Kip had an interest in firearms and explosives from an early age that grew in puberty; he began making bombs, mostly gasoline-based, and detonating them in a nearby quarry to assuage his anger.[4] William initially wanted to discourage his son from violence, but later enrolled Kip in gun safety courses, buying him a 9mm Glock handgun and eventually a .22 caliber rifle at the age of 15.[1] He also passed down a .22 single-shot rifle he had received at age 12 to his son. Faith initially disapproved of the purchases but relented when his psychologist "gave her emotional permission to say yes." Kip and William used the guns for target shooting near their home.[4]

Classmates at Thurston described Kinkel as strange and morbid. Others characterized him as psychotic or schizoid, enjoying the music of rock bands such as Nine Inch Nails, Rage Against the Machine, and Marilyn Manson.[6][7][8] He constantly talked about committing acts of violence, telling friends that he wanted to join the U.S. Army after graduation to find out what it was like to kill someone. When asked about a family trip to Disneyland, he commented that he wanted to "punch Mickey Mouse in the nose."[9] He once gave a "how-to" speech in bomb-making to his speech class and set off "stink bombs" in the lockers of classmates. Kinkel studied William Shakespeare's Romeo & Juliet in his English class and related with the protagonists and became enamored with the 1996 modernized film adaptation, which featured heavy use of firearms.[1]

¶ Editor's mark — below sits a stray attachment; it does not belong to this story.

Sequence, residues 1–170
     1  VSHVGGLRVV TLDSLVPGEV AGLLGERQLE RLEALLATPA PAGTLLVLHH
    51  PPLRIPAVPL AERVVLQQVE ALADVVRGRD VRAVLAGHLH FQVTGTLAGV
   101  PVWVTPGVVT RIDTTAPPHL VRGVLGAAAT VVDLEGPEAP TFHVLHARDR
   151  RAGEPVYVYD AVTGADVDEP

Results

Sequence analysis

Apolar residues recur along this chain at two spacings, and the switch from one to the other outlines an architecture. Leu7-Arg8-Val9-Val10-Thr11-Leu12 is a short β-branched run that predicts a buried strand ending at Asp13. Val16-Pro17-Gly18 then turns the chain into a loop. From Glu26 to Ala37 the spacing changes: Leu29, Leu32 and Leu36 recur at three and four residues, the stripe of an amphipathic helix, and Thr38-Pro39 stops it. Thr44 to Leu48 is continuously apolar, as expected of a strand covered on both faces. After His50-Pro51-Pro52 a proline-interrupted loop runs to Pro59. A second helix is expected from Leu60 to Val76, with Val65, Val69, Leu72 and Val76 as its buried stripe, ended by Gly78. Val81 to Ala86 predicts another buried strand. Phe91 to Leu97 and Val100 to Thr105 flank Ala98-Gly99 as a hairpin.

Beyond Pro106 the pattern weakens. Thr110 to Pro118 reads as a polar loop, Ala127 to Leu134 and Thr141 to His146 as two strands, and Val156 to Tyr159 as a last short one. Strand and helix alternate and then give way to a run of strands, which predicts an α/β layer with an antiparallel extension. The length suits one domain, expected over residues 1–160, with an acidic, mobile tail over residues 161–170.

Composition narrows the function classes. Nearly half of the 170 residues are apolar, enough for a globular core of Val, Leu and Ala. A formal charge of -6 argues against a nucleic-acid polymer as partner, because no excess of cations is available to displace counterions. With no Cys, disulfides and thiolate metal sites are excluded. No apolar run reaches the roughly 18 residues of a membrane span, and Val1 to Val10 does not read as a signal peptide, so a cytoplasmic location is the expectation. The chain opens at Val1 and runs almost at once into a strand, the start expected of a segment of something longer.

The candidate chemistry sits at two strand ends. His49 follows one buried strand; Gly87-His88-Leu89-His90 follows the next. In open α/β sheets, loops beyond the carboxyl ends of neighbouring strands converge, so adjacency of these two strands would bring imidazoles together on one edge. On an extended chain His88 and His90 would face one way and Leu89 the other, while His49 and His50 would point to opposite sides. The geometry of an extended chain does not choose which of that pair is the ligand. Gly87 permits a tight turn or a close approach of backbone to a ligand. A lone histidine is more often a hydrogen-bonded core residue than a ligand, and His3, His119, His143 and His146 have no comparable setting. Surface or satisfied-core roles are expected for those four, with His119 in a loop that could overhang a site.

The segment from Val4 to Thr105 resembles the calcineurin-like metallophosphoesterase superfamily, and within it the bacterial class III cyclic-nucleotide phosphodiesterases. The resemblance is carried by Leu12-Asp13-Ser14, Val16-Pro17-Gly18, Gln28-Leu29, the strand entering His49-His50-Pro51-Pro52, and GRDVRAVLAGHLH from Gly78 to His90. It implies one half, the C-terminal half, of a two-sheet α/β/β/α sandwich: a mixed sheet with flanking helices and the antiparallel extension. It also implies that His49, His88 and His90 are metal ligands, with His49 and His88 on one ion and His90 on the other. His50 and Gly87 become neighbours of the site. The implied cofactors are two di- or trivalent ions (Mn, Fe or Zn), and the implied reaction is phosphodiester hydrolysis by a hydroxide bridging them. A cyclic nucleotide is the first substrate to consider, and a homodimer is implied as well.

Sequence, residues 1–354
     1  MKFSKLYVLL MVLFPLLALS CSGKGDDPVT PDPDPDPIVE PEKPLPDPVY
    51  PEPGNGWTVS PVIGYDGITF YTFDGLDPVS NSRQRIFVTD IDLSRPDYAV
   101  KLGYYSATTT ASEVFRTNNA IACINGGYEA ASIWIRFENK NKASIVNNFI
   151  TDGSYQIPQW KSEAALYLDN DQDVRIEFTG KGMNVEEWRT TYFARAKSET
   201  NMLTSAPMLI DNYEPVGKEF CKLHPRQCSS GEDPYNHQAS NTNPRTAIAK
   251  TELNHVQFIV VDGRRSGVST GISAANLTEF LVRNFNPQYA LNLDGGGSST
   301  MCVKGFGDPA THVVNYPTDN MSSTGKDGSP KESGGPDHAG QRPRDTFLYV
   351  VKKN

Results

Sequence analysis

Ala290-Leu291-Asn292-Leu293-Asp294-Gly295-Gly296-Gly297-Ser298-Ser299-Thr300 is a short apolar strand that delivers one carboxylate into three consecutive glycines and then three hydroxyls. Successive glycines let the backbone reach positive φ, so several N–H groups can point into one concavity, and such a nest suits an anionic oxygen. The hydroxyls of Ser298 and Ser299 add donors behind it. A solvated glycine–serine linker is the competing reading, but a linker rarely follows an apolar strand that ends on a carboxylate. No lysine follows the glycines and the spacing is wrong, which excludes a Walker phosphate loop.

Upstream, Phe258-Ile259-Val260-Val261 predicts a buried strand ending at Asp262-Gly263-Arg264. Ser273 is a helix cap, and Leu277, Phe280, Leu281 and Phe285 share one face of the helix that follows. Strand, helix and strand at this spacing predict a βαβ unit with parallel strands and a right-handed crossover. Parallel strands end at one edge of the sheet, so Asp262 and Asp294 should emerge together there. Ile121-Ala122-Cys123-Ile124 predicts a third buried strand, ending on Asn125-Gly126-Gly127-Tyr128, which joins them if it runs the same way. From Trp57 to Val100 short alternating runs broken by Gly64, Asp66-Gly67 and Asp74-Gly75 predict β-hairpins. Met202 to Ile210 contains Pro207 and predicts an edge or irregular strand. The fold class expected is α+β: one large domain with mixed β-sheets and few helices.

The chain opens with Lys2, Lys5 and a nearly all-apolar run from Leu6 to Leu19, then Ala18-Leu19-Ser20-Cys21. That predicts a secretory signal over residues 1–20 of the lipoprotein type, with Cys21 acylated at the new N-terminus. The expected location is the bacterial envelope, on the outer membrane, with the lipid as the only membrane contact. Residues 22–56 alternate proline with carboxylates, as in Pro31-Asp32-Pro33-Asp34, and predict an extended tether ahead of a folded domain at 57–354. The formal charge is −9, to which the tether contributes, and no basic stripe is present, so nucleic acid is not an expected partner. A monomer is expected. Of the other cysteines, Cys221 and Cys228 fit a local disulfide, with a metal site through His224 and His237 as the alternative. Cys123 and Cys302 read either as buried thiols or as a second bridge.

Kip's parents enrolled him in anger management and had him evaluated by a psychologist, Jeffrey Hicks. Shortly before his death, William confided to a friend that he was "terrified" and had run out of options to help his son.[10] Kinkel saw the psychologist over a period of six months. He was diagnosed with depression and began a prescription for Prozac. Eight weeks later, Kip, his mother, and Hicks agreed that Kinkel was doing well enough to stop the sessions. Kip did not refill his Prozac prescription when it ran out in late 1997.[4]